3 years ago (2015-10-04 19:12:35)

How 4K Resolution Gaming Looks

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With the advent of next gen consoles i.e. the PlayStation 4 and the next Xbox, one term that has gained a lot of traction in the last few months is 4K gaming. Sony have earlier spoken about 4K gaming and while it won’t be hitting the PlayStation 4 at launch, it is in the pipeline for a few years later.

On the other hand Microsoft has revealed basically nothing about the next Xbox. Considering that the PS3 had the advantage over the Xbox 360 in being able to render 720p and 1080p outputs with video games, obviously it would help if the Big M somehow caught up.

So, how does 4K gaming actually looks like? Is it really different from the 720p/1080p games we play on our PC and consoles? And most importantly do we actually need 4K resolution gaming ?



The above gallery illustrates just how 4K games look. Just as 1080p is meant to represent a 1920 - 1080 resolution, 4K essentially means an image or video with a resolution of 4096 pixels wide and 2160 pixels high. It can be typically seen in theatres like iMax for projecting an Ultra HD picture. Of course, the sharpness depends on the amount of pixels per inch or pixel density present. For example, most smartphones these days come with 1080p resolution but on a small 5 inch screen, the human eye is unable to tell the difference between these a regular 720p resolution after a point.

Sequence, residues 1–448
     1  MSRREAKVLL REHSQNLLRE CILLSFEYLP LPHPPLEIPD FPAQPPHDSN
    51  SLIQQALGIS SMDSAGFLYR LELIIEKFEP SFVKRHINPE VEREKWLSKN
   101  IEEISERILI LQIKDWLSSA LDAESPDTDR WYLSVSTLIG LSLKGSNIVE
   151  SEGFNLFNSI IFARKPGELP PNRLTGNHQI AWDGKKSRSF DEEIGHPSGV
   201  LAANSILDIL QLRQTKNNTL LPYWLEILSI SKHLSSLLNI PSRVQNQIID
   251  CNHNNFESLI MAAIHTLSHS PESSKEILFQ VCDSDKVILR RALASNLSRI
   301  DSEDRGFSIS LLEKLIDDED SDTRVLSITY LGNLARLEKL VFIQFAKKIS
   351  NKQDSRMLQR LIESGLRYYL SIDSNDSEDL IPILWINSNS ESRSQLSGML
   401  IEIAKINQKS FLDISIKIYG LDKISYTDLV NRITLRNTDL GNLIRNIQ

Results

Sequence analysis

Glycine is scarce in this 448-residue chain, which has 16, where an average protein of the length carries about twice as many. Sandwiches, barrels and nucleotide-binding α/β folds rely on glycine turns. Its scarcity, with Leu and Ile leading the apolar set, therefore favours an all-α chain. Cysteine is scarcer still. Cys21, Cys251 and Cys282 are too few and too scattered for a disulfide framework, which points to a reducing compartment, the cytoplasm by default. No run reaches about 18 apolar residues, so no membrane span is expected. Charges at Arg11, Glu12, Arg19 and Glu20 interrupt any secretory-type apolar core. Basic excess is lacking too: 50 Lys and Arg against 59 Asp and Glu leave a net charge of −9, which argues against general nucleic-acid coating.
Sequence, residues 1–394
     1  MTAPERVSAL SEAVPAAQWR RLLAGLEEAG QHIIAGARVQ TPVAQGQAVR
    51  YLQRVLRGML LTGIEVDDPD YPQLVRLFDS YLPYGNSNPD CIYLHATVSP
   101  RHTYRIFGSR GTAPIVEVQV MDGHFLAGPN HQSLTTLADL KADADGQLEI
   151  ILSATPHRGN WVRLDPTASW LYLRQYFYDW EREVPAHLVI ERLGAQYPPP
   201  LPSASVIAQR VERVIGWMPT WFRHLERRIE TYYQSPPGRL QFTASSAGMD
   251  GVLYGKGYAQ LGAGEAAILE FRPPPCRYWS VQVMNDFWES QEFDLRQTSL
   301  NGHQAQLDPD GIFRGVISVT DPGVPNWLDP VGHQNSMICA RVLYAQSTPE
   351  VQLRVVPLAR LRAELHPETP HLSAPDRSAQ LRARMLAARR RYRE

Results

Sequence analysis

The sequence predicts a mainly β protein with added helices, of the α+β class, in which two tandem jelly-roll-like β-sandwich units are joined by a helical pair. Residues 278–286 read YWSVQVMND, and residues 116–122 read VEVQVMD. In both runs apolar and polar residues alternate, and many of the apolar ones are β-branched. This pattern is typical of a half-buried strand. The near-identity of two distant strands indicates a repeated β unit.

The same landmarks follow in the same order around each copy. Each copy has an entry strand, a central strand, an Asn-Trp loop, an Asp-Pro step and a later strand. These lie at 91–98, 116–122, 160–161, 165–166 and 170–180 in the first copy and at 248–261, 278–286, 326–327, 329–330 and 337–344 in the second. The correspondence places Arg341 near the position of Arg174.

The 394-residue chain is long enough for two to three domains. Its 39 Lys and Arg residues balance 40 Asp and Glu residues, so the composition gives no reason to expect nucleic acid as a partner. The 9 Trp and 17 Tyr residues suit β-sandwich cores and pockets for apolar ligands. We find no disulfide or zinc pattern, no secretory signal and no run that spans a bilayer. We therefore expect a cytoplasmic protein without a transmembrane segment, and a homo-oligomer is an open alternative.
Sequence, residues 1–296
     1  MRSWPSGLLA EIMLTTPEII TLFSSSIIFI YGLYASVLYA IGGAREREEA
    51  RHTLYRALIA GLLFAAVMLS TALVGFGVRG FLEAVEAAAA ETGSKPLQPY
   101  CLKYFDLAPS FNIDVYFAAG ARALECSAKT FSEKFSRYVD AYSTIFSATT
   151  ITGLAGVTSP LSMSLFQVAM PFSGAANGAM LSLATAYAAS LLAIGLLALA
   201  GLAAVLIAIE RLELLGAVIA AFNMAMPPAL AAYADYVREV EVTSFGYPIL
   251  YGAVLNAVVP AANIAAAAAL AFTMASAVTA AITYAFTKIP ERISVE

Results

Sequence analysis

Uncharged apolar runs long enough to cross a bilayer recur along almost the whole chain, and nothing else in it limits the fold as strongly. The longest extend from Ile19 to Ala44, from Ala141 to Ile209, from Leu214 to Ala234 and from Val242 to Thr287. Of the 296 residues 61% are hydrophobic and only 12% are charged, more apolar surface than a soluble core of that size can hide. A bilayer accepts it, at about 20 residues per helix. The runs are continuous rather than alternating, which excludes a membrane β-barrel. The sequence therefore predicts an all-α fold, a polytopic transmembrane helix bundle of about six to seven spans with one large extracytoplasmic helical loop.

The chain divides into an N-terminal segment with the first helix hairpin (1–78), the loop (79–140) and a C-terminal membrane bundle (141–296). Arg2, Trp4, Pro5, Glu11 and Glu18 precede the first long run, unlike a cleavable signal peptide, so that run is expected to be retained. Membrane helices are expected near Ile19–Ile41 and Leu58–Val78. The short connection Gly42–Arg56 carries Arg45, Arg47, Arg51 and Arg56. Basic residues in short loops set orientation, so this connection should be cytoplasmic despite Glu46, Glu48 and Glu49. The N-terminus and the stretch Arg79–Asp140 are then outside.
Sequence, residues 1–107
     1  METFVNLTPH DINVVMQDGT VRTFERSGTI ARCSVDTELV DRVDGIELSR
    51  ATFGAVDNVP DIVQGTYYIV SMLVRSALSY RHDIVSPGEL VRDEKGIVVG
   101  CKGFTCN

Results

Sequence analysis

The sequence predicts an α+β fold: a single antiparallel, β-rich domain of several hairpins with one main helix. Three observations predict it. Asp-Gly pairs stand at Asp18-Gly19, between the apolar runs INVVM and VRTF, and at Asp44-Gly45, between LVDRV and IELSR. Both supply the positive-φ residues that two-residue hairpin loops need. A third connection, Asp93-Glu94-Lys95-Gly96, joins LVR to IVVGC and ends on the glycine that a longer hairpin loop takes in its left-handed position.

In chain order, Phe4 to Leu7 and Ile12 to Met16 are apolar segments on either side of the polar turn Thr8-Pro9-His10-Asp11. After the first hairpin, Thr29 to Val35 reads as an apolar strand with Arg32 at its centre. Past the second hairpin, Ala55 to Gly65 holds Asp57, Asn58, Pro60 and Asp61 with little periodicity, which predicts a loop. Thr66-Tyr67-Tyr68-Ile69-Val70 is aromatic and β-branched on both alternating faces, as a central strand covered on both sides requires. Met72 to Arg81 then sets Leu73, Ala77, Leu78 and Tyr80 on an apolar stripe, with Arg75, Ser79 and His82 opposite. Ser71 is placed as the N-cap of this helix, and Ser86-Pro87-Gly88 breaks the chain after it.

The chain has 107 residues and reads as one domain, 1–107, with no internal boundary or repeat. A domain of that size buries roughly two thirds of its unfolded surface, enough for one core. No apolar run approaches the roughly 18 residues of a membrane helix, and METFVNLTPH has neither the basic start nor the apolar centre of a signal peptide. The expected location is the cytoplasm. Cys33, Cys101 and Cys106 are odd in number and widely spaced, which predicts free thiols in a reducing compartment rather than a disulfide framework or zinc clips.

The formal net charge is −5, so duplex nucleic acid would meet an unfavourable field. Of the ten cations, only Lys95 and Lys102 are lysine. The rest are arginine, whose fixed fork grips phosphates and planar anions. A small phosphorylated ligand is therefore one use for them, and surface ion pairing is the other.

This is why iMax screens are bigger than typical movie theatre displays.

But here's the thing: even if a game is capable of running at a 4K resolution, and has been optimized for the same, one with will need an Ultra HD TV display to take full advantage of it. Sure, you can make out an incredible amount of detail already, if the above screens are any indication. But regular TVs that output to 1080p won't be able to output ALL of that detail heck, processing it is another thing altogether and the current crop of Ultra HD screens are expensive. Like tens-of-thousands-of-dollars expensive.

We're still in an era where 3D TVs cost a bomb. So while the next logical step to improving graphical performance is to move to a higher resolution, it'll take a good long while before the manufacturing costs drop.

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